nrvmagazine.com
nrvmagazine.com

2 months ago
Heritage Park

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Folks of a certain age remember a time when the main job of children was to go outside and play.
A combination of increased fear, “plugged-in” play, school reform that doesn’t allow for direct outdoor experience and overscheduled family agendas mean that today’s children are playing outside less. Nature play stimulates all of the senses and promotes every aspect of healthy child development including physical, cognitive, creative, social, emotional and spiritual. It includes digging in the dirt, cloud watching, tree climbing, catching bugs, wading — unstructured free time in the backyard, in the woods, on a farm or even in a vacant lot.
Thanks to a partnership between the New River Land Trust, Back to Nature Landscaping and the Town of Blacksburg, Heritage Community Park and Natural Area in Blacksburg now includes a Nature Play Space to inspire a love of the outdoors in young children. Heritage Park is unusual as a town park because of its rural character. Visitors walk mowed paths through rolling hills dotted with hay bales, observe the beautiful pond and Tom’s Creek which meanders through the land, and walk among old farm buildings still standing on the 169-acre site between Glade Road and Meadowbrook Road, which both have parking access areas.
Development of the Nature Play Space began in August of 2016 with new features added this summer. Families can reach this enchanting corner of Heritage Park from the Glade Road entrance. Hike down past the pond, take a right at the first fork in the path and then a left once up into the field. A welcoming arbor entrance leads to an inviting gathering spot made of boulders and logs. Interpretive signs invite and encourage families to play. A sand pile offers endless creative play options and a Little Free Library extends an invitation to sit and read outdoors. With a little observation, visitors find that wildlife abounds, plants enchant and nature works its magic.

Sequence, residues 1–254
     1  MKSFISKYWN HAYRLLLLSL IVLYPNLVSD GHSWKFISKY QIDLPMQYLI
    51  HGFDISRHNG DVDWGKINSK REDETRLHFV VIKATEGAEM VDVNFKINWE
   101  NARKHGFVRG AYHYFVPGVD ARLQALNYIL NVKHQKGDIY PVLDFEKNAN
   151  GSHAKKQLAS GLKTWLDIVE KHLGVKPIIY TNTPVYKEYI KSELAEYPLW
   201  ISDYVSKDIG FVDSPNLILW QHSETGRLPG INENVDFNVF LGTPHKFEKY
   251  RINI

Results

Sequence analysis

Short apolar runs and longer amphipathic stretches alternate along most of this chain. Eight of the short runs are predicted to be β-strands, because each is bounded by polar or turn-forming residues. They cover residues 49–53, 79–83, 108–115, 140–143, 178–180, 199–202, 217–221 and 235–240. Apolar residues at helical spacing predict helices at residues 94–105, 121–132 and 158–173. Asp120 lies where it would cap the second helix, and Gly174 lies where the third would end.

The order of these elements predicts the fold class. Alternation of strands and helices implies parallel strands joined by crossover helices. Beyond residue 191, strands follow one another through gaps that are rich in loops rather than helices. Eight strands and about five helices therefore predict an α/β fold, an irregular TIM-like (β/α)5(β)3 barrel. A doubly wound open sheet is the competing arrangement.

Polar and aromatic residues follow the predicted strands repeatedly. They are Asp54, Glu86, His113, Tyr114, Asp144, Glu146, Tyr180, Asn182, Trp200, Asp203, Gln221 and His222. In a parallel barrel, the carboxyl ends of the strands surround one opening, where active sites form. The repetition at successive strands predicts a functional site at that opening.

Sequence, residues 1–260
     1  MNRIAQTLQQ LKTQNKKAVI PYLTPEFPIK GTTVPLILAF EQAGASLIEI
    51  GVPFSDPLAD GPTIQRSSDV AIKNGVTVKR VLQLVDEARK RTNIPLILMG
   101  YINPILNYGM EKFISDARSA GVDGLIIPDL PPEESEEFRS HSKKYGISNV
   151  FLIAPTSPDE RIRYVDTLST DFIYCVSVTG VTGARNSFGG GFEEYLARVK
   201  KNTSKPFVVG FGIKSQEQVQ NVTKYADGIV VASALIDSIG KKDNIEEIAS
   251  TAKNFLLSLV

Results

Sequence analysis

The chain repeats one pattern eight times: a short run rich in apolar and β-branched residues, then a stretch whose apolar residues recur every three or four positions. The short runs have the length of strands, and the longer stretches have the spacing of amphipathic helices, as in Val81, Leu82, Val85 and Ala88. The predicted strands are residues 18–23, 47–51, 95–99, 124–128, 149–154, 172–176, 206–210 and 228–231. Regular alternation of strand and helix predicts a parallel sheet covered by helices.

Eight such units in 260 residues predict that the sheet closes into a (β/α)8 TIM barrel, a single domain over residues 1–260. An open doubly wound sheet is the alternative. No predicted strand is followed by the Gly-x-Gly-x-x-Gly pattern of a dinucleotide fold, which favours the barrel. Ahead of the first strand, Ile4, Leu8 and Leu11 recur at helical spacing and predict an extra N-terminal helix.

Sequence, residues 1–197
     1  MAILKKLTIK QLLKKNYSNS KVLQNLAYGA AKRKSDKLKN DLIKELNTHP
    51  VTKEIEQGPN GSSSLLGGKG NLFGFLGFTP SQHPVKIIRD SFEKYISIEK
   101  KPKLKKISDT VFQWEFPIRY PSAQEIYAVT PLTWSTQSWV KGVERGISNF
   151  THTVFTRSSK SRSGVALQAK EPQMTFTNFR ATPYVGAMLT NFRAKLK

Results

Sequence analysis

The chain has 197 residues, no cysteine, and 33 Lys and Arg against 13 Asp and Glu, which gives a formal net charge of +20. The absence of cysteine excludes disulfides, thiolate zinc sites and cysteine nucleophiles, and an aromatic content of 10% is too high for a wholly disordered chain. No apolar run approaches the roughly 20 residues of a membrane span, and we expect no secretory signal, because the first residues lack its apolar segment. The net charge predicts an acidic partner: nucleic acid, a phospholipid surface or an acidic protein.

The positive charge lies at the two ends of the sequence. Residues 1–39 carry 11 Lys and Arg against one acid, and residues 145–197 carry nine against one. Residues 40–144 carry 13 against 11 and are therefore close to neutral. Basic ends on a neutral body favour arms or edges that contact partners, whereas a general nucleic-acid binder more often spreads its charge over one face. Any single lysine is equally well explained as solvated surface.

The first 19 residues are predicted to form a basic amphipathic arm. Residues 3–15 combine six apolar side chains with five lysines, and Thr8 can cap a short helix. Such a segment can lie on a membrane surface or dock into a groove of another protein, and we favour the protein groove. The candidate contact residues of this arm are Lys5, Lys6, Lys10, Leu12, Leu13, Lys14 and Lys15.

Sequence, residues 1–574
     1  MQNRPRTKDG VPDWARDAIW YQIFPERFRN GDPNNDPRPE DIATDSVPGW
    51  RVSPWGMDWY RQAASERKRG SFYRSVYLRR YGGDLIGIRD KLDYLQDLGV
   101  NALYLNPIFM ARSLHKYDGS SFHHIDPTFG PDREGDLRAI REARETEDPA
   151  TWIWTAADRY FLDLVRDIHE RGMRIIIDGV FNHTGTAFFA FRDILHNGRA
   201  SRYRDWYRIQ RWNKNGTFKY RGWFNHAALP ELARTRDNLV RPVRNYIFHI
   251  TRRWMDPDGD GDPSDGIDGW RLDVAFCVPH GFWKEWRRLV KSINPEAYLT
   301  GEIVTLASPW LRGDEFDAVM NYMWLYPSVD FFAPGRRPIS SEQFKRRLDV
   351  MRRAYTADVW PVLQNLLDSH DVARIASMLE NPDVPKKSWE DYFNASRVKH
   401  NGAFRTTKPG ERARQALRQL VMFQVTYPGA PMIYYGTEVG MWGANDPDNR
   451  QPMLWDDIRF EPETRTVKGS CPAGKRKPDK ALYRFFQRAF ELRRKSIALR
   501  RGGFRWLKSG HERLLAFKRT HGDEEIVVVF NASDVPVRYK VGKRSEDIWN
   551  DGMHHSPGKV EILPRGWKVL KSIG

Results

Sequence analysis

When the New River Land Trust reached out to Back to Nature Landscaping to see if they wanted to partner to build the Nature Play Space, owner James Ulmer was immediately on board. “At a very young age, I spent the majority of my time outdoors — hunting, fishing, climbing trees, exploring the woods — you name it, I was doing it. Maybe that is why I enjoy landscaping and construction so much. The Nature Play Space at Heritage Park is personally important and will always be one of my most favorite projects. My company decided to work on this space and donate construction of the arbor entryway.”
Historically, the New River Land Trust’s work has been educating and assisting landowners to protect their land through conservation easements. It also helps keep family farms in agriculture, while encouraging forests and open spaces stay wild and scenic, and historic places are preserved forever. Since 2002, the New River Land Trust has conserved 51,000 acres and more than 25 miles of New River frontage. In 2010, it added a Youth Outreach component. “Nature play is fun, promotes healthy childhood development and fosters environmental stewardship in young people,” states executive director John Eustis. “The Nature Play Space is an effective way to engage with and give back to our community. We support healthy kids and land conservation all while getting to play!”
The New River Land Trust hosts seasonal Outdoor Family Classes in the Nature Play Space. Classes are free, but registration is required. If they can find a sponsor, Outdoor Family Classes will continue at no cost to participants. The organization also coordinates field trips for local school and youth groups with a particular focus on underserved children. The New River Land Trust encourages families from the New River Valley to visit and play in all seasons.

 

Text by Justine Brantley
Photos by Silver Pebble Photography

Justine Brantley is the Youth Outreach Coordinator for New River Land Trust and loves getting outside with her own two children in the New River Valley.

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